The Centers for Medicare and Medicaid Services approved a new Essential Health Benefits benchmark plan in Colorado, which will take effect in 2023. The new plan will address substance use disorder by expanding the number of drugs that insurance companies are required to cover in their prescription drug formularies as alternatives to opioids, as well as requiring coverage for up to six acupuncture visits per year. The plan also includes an annual mental health wellness exam — one 45-60-minute visit with a qualified mental health care provider per plan year. This visit can include services such as behavioral health screening, education and consultation about healthy lifestyle changes, referrals to ongoing mental health treatment and discussion of potential medication options.
Source: Biden Administration Announces Approval of Colorado’s Inclusive Health Care Plan to Set Colorado’s Essential Health Benefits (Colorado Division of Insurance)
Louisiana reaches agreement on distribution of opioid settlement funds
Louisiana’s attorney general reached an agreement in principle with organizations representing the state’s sheriffs, police juries and municipalities on how to divvy up the $325 million the state expects to receive from the national settlement with opioid distributors. Sheriffs will receive 20% of the money. Parishes, cities and towns will split the other 80%, divided based on a nationally devised formula that uses population and the number of opioid prescriptions and deaths. The state health department and other state agencies will not receive any of the money, except for administrative costs related to an opioids abatement council. The council will review the spending of the money by local agencies to ensure they are following the guidance that the funds go to addiction treatment.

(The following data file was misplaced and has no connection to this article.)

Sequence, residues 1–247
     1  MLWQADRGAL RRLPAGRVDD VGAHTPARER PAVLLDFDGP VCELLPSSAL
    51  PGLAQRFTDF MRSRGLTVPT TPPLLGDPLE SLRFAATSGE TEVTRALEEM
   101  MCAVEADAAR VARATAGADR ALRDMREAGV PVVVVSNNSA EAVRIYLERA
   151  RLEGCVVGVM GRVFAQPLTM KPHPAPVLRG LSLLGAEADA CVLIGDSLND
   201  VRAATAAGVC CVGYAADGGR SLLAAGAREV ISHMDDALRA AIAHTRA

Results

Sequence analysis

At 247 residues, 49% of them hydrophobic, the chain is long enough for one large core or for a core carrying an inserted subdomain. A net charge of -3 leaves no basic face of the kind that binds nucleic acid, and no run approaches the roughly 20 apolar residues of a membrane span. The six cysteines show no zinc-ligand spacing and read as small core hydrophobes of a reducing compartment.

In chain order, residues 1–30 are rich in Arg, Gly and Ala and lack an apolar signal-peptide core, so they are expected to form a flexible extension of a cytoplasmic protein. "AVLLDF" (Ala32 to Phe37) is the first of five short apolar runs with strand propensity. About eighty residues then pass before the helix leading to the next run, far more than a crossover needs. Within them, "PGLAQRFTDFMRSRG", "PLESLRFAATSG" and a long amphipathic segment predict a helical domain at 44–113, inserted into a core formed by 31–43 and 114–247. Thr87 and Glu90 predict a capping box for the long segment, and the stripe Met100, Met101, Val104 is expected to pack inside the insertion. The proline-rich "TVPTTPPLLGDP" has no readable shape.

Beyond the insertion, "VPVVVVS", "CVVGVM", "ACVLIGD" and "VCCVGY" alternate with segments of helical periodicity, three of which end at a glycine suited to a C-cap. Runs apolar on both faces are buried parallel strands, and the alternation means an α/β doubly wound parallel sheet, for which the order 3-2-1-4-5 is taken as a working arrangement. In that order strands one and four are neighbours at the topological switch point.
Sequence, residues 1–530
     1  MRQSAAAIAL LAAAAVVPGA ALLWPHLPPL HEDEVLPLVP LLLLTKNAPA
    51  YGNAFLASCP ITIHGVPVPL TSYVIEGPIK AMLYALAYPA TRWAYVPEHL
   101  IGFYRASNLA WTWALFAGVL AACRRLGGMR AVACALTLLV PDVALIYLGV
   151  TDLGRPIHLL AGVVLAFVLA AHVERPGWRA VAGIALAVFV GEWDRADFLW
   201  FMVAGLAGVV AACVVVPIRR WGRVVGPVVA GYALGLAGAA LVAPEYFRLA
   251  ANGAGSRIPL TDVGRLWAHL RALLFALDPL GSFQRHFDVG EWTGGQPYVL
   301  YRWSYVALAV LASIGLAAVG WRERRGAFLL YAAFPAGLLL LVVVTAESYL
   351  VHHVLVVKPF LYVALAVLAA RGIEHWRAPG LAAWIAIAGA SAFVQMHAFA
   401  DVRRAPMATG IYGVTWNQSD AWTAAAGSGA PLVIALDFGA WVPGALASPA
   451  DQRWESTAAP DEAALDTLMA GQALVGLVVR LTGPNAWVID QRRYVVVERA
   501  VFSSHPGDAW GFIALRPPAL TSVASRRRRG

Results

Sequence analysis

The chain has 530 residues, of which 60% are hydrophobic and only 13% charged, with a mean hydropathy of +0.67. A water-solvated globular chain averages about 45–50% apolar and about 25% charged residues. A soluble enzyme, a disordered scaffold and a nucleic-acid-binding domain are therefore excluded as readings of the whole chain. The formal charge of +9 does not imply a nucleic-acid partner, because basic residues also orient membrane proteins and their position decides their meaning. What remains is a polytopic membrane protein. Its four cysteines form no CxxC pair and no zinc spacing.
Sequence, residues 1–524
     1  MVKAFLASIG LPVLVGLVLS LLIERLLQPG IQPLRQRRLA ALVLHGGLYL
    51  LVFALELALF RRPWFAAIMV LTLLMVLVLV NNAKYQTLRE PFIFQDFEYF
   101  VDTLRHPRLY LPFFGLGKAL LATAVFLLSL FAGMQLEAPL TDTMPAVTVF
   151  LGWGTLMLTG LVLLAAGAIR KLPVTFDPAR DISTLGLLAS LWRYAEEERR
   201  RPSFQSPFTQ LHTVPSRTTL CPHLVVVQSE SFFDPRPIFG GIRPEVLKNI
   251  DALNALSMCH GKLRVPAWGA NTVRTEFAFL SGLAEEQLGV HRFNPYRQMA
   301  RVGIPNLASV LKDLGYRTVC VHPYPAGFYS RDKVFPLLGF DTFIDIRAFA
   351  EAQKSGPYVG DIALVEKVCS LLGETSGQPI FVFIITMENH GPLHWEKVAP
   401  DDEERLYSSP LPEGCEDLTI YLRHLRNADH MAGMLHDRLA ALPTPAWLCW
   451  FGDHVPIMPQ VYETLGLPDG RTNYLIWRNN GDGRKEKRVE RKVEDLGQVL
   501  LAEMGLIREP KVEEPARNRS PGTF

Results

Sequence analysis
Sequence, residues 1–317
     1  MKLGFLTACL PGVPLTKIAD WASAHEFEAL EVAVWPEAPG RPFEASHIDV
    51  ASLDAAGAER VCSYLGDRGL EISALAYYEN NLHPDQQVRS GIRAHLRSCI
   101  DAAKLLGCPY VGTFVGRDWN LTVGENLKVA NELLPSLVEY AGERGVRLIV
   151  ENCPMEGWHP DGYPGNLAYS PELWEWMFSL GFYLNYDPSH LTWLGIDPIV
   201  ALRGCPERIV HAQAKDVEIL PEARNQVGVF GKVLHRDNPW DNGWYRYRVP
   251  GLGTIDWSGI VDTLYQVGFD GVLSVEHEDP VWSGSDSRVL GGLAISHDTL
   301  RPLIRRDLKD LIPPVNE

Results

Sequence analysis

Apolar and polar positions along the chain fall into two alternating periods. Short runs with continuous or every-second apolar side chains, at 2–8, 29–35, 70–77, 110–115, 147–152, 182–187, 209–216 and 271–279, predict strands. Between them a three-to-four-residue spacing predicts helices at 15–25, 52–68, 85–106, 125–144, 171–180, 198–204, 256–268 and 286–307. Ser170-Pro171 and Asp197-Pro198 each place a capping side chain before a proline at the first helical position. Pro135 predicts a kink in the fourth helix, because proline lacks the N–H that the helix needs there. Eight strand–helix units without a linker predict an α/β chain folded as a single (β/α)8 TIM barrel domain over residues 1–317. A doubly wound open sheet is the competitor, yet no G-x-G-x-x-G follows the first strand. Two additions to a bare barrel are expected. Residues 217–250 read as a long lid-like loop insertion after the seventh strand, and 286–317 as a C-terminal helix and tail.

Source: Louisiana opioid settlement money to go to local governments (Associated Press)
Other news in addiction policy
NIDA longitudinal studies will help determine the developmental impact of the pandemic and other adversity on youth
National Institute on Drug Abuse Director Nora Volkow discusses in a blog the HEALthy Brain and Child Development (HBCD) study, for which the first awards were just made. It will recruit a large cohort of pregnant women and follow them and their children from the prenatal period through early childhood. It will examine the long-term impact of environmental adversity during pregnancy, including prenatal substance exposure, neglect, trauma and social and economic challenges. Longitudinal studies such as the HBCD and the Adolescent Brain Cognitive Development (ABCD) studies are crucial amid the COVID-19 pandemic to determine the impact on children’s development and mental health. The ABCD study, currently in its fifth year, continues to collect data on topics including early adolescent substance use. Researchers are already publishing data on changes in adolescents’ alcohol and nicotine use since the start of the pandemic. The studies will help highlight risk and protective factors for youth.
Source: Longitudinal Studies of Children Will Provide Needed Insight about the Developmental Impact of the Pandemic (National Institute on Drug Abuse)